Opinion: Get ready for a flood of Trump pardons



Because I’m someone who studies and advocates in the field of clemency, I’ll get a lot of calls if that happens. Mostly, people will ask “Can he do that?” My response will be, “He just did.” Clemency, as structured by the Constitution, has no check or balance other than politics. And, in yet another political cycle, we are utterly failing to employ that lone check on this power of kings. Our intense focus on clemency should happen in the heat of the campaign rather than once it is over.

The Constitution gives the president sole discretion over clemency, a remarkable and uniquely unchecked power. Historically, at its best, presidents have used it to smooth over the roughest edges of criminal justice. For example, President Gerald Ford used it to grant thousands of conditional pardons to Vietnam-era draft evaders and deserters after the exigency of that war was over, and President John F. Kennedy used it to shorten the sentences of some sentenced under a draconian marijuana law. The power of clemency should be used as part of a broader project of criminal law reform, reaching those who have been forgotten.

Maybe I missed it (I didn’t), but clemency has not been the focus of a question at a presidential debate in the past few decades. In the recent town halls, no “undecided voter” has pressed a candidate for their views on how the pardon power should be employed. In interviews with President Trump and Democratic nominee Joe Biden, journalists seldom seem to ask about it. Instead, we just wait and let everyone’s head explode when a president misuses this tool of mercy. Even in the last debate, neither candidate talked about how they would use clemency prospectively, even in a heated discussion on criminal justice.

Trump and Biden present very different issues relating to clemency (which includes the power to shorten sentences through a commutation or forgive convictions through pardons). Trump already has shown his cards: Even taking into consideration the commutations granted last Wednesday to five worthy petitioners, his use of the pardon power has mostly favored friends and Fox News celebrities. Even his much-celebrated commutation and pardon of Alice Marie Johnson came about only after another reality television star, Kim Kardashian West, intervened. Biden, meanwhile, is a blank slate. The concern some may have with him is that he will do too little, at a time when over-incarceration is being critiqued by experts and a broad array of citizens on both the left and right.
While interviewers continually (and appropriately) pepper Trump with questions about whether he will relinquish power if he loses, it is rare that anyone asks him who he might pardon after the election, despite the long and positively bizarre track record he has established.
Similarly, Joe Biden hasn’t been pressed on the issue, and he certainly doesn’t seem to have thought much about it: In response to a general question about criminal justice by NBC’s Lester Holt at a town hall, Biden claimed that the Obama administration granted clemency to “18,000 people.” He was off by about 16,000 (he did better in the last debate, citing the number as “over 1,000”). It could be that Biden overestimates the effectiveness of the Obama clemency initiative, which offered too little, too late. That well-intentioned project began only after years of inaction, as Obama granted just one commutation of sentence in his first five years. It also failed to reach so many good cases that when Trump’s First Step Act enabled 2,387 crack offenders to be released early, it amounted to far more than the Obama clemency program did, even though both projects targeted the same group. Clearly, Obama left too many people behind.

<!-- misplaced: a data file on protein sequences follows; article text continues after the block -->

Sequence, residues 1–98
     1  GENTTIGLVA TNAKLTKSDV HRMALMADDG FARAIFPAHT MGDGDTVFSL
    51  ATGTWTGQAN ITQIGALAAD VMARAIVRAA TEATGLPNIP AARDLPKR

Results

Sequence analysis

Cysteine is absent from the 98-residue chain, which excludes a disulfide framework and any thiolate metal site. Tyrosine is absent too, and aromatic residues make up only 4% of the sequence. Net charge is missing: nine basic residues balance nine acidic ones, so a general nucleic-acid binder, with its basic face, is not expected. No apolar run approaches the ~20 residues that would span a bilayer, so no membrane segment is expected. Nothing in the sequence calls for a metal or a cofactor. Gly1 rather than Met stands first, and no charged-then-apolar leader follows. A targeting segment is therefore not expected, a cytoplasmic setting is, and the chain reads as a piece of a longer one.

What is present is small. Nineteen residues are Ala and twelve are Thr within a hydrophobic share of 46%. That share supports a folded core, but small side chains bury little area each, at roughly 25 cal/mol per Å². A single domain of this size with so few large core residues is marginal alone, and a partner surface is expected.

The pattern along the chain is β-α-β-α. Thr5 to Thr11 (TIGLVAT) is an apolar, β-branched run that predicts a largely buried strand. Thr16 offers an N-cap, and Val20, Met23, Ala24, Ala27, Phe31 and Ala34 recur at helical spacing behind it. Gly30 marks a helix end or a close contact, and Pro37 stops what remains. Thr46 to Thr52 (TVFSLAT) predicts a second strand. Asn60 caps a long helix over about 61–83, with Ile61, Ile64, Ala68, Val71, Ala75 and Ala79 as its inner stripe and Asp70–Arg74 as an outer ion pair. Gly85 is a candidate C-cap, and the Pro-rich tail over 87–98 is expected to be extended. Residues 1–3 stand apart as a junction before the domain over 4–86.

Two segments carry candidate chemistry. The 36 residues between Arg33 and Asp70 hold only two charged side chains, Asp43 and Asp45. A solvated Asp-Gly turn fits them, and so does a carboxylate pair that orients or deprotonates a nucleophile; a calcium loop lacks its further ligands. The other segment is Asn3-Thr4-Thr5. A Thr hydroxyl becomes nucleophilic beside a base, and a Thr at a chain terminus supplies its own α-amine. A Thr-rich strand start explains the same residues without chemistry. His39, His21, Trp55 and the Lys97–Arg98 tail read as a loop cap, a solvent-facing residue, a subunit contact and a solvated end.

Failing to focus on clemency when it matters also lets candidates off the hook for any specific plan for reform. And reform of every part of a system that has enabled systemic racism and unduly long sentences is important. Right now, the clemency review process has seven steps, is controlled by the Department of Justice (conflicted because it sought the over-long sentences in the first place), and simply doesn’t work. There is broad support for the formation of a clemency review board to advise the president, and that idea even made it into the Biden-Sanders unity plan and the Democratic platform. Biden, though, hasn’t mentioned it (at least in the forums I have reviewed)— in large part because no one has asked.

Even if other criminal justice reforms are enacted, clemency must be reformed as well. For one thing, other reforms don’t do what one form of clemency, pardons, can do: free people from the restrictions of a conviction after they have completed a sentence. For another, reforms that send cases back to the sentencing judges for review too often exacerbate disparities. After all, judges who are tough at sentencing are less likely to give a break later, meaning that those who come before them could be disadvantaged. Clemency can be a way to reach those twice-victimized.

So c’mon people! This, the last week before the election is the last possible moment to talk about clemency in a meaningful way. Journalists need to ask candidates about this directly, and the rest of us need to press them to do so. And next time around, we need to make that discussion a part of the primaries when we consider our choices and interact with candidates in America’s cafes, churches, and community centers. It’s not like it’s boring, after all: Clemency represents nothing less than the most powerful person in the world showing mercy to the least powerful people in the world, and is alone in our constitutional system in living out a value nearly universally embraced by Americans. We believe in mercy, but we are almost out of time to discuss it when it really matters.



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